Avocados, fall tropicals see seasonal production declines - The Packer

Avocados, fall tropicals see seasonal production declines

11/11/2013 02:56:00 PM
Doug Ohlemeier

Doug OhlemeierMary Ostlund (left), director of marketing for Brooks Tropicals LLC in Homestead, and Peter Leifermann, director of sales and fruit procurement, watch avocados run the packing line in early October. Florida produces the green-skinned fruit as well as other tropicals through the fall.HOMESTEAD, Fla. — Though avocados are past their season peak, buyers can expect ample supplies of the south Florida fruit as well as smaller volumes of tropicals.

Florida’s green-skinned avocados typically build volume in June and hit their season peak July through September.

Volume normally begins to finish in January with smaller shipments running into March.

“The avocados look fine,” said Peter Leifermann, director of sales and fruit procurement for Brooks Tropicals LLC. “We have had a less wet summer than last year. The quality is better this year vs. last year.”

In early November, growers begin harvesting the typically smaller monroe, lulu and choquette varieties, said Jessie Capote, executive vice president and co-owner of Miami-based J&C Tropicals.

Capote characterized the season as average.

“It’s a very typical year in terms of varieties and when they will come on,” he said in late October. “Prices were not that great, maybe fair at best. As far as availability, this will be a very regular year.”

The south Florida crop is about 15% lower than the previous season’s 1.1 million 55-pound bushels, Capote said.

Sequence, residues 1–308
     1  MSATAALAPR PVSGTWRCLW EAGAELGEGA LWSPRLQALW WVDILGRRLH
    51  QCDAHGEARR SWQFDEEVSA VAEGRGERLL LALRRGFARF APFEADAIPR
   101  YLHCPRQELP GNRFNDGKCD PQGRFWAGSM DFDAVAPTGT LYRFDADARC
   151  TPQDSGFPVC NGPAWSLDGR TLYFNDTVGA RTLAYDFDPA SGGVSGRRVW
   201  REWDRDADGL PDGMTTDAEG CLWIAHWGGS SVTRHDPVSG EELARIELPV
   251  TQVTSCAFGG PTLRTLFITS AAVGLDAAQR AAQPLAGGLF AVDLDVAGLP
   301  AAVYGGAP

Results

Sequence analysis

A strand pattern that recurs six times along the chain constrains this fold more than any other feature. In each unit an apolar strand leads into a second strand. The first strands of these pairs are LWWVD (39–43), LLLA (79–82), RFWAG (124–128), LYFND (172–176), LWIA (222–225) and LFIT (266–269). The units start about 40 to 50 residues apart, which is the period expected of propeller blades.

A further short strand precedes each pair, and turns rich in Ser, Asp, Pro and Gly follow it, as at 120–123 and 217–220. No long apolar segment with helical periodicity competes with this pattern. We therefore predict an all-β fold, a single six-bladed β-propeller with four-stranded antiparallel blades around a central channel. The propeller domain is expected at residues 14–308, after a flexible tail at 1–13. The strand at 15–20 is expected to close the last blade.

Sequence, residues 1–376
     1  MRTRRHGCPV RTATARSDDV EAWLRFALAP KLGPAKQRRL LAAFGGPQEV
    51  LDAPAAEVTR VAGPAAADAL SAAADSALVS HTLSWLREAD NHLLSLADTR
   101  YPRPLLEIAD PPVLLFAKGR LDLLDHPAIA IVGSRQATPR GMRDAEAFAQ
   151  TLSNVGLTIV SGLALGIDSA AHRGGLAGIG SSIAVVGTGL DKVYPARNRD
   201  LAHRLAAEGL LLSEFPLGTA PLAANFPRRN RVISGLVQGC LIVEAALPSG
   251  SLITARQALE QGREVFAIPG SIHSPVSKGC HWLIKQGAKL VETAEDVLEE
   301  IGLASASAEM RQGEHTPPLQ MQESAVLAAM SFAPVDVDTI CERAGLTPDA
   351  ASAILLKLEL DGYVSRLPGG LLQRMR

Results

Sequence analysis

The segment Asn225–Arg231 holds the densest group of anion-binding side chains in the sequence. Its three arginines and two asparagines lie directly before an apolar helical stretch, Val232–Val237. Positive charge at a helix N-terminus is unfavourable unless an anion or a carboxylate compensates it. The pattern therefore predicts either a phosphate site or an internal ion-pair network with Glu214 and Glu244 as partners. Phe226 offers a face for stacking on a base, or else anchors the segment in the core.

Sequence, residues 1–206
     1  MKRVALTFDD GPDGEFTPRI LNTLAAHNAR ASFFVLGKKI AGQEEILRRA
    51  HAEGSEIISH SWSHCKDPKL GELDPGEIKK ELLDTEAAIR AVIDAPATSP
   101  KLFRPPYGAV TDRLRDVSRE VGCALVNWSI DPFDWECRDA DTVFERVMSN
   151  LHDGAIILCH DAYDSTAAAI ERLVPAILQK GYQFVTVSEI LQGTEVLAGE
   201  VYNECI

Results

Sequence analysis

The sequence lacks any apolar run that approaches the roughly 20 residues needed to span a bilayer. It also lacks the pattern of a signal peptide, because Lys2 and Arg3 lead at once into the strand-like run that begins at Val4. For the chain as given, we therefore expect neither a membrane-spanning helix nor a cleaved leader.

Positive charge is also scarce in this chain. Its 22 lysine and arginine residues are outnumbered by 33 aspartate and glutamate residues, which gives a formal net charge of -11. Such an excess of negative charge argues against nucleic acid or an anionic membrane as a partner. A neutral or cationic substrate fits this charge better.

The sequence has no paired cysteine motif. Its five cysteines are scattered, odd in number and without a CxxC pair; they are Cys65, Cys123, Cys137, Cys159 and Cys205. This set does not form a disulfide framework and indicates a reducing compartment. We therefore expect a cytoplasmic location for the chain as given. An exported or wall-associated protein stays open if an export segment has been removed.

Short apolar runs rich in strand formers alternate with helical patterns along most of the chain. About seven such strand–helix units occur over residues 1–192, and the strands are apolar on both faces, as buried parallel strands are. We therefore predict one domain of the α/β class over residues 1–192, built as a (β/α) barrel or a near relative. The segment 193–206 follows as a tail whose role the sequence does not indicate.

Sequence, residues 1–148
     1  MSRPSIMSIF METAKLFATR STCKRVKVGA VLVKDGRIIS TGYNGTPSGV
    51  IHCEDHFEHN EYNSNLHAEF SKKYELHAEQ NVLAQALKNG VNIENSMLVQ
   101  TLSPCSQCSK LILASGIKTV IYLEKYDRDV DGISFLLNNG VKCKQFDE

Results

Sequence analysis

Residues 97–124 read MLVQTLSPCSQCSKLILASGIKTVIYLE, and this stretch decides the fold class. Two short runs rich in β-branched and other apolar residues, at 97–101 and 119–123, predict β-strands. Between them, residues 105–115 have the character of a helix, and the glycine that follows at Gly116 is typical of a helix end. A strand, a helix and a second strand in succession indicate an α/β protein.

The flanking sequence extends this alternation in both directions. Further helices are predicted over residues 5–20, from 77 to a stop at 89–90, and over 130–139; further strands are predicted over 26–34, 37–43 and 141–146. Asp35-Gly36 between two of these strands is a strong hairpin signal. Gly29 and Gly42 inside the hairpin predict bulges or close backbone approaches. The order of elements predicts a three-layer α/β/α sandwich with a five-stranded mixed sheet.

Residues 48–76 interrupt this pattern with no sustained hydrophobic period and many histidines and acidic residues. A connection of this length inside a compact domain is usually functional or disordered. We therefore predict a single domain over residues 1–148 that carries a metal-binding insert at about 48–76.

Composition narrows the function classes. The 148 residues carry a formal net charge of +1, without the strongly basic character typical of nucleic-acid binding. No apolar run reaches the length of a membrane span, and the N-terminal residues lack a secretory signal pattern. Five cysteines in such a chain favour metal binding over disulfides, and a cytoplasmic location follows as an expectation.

In late October, the U.S. Department of Agriculture reported cartons of one-layer flats from south Florida fruit selling for $8 for the 8-12s for the choquette and booth varieties, similar to last season in mid-October.

South Florida tropicals

During the fall and winter, Florida produces a variety of tropicals including star fruit or carambola, passion fruit, kumquats, Thai guava and sugarcane.

“Overall, quality exists though the fall isn’t the peak of the season,” Leifermann said. “The quality’s still there but the production isn’t as high.”

Capote said supplies should be ample.

“This should be a very typical year on tropicals,” he said. “Quality should be good.”

Though carambola came off its September peak, supplies should moderate before its December and January peak, Leifermann said.

Passion fruit peaks in October but returns for another peak in December and January, and Capote said he predicts a full crop starting in late November.

Leifermann said the deal enters strong production in the fall and said the drier weather that followed a heavy summer rainy season helps develop fungus-free and cleaner fruit.

Kumquats typically begin harvesting in mid-November and usually ship through early spring.

Production has declined over the past couple of years and growers last year ended the season earlier than usual, Leifermann said.

On sugarcane, buyers should expect a huge pull in November and December, Capote said.

He said Hispanics enjoy grinding the stalks into juice for holiday drinks.

The fresh deal sees big demand during the holidays, Capote said.

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